15 July 2017

Veteran Players Want to Keep Situation under Control

The European Senior Team Championship in Novi Sad in the review of grandmaster Evgeny Sveshnikov 

The European Senior Team Championship was taking place in Novi Sad, Serbia. The participants stayed in a tourist hotel complex, located on a beautiful peninsula jutting into the Blue Danube. The hotel features excellent rooms and delicious meals in a restaurant facing the river. The place is smothered in flowers and greenery. When I came across a magnificent beach, we would go swimming in the Danube every day. A playhall is fantastic - I have never seen any better in my whole life. The organizer’s attitude was so very friendly and there was no issue that would not be sorted out immediately. This said, the playing and recreation conditions were ideal!

The Russian team was represented by (in ascending order of boards) Evgeny Sveshnikov, Yuri Balashov, Evgeni Vasiukov, Vladimir Zhelnin and Nikolai Pushkov. Everyone can boast a very decent performance. The only issue was Evgeny Andreevich’s sleep problems, and we gave him time to rest for that matter. He played four games only, and his two victories and as many draws is quite a good result. Other four players took first on their boards. We have scored 28,5 out of 32, me taking 6 out of 7, while Balashov and Zhelnin shined with an unblemished score at that.

With the lineup of opponents  being not the strongest, there was practically no contesting the top place. Western players do not feel like going to Serbia, preferring Germany, the Czech Republic and Italy instead. If we need crowd, we should rather run tournaments in the above-mentioned countries. The alternative way would be to lure into participation by higher prize funding and attractive conditions. Amateur players would not put down good money for know not what. Besides, with the World Senior Championship having finished only recently, the amateur players find it hard to meet financial ends on so short a notice.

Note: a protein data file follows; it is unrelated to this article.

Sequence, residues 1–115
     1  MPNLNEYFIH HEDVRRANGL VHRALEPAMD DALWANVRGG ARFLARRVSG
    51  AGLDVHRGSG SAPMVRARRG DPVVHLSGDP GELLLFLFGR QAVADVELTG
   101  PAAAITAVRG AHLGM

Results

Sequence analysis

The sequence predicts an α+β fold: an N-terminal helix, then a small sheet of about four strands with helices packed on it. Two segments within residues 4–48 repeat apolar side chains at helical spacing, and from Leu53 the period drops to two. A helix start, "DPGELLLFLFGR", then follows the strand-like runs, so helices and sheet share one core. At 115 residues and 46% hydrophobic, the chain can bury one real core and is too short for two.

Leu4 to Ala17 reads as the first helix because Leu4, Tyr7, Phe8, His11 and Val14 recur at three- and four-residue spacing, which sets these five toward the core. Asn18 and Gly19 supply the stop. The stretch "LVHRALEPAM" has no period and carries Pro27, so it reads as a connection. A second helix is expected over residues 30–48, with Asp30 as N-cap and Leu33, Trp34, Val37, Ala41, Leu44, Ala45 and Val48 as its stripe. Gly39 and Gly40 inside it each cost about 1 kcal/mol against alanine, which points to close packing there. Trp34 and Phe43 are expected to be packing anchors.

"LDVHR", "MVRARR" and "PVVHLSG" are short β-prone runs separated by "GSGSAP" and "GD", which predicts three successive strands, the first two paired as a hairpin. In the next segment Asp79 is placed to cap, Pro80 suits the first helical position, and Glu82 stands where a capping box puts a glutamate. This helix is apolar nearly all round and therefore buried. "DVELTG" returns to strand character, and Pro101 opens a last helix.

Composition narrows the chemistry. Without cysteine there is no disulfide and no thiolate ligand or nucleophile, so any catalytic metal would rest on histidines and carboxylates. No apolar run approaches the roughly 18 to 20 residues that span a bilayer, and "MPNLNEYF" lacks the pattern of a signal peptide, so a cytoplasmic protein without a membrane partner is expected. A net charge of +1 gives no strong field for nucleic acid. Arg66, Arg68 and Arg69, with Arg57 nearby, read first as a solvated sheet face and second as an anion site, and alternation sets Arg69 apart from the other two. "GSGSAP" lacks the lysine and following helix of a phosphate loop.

The veteran players sent a proposal letter to both FIDE and the European Chess Union as far back as a year ago. The letter gathered about 100 signatures.  Nevertheless, it highlights priorities of amateur players. This time in Novi Sad, however, I have brought together the priorities of professional players. An action group has been created to include Vasiukov, me Jan Rooze (Belgium), and Bent Sorensen (Denmark). We have had much discussion with the international master Ian Rooze; not only is he a good player, but has a many-year experience working in Moscow and is thus aware of the Russian realities. Rooze is an authority for Western players on the one hand, and gets along with us superbly on the other hand.

Neither FIDE nor ECU has the Veterans Committee at the moment. There is simply a person, albeit not a chess player, appointed to take vital decisions. There is a growing number of people coming to realize the existence of problems and the need to solve them. Let us have a look at the current situation: Even though a tournament of senior players would normally gather some 400-500 participants, only 15% of the tournament fees would migrate into the prize fund. How about that? When the tournaments are held in Russian, this figure amounts to as many as 70%. Even 40-50% would be OK, in principle. Anyway, what is the current situation? The leading veteran players (Karpov, Timman, Ribli, and Ljubojevic) contest separately in the Tournament of Legends, whereas the European and World Championships have downgraded to amateurish status. Attention towards these events has been dwindling as a result.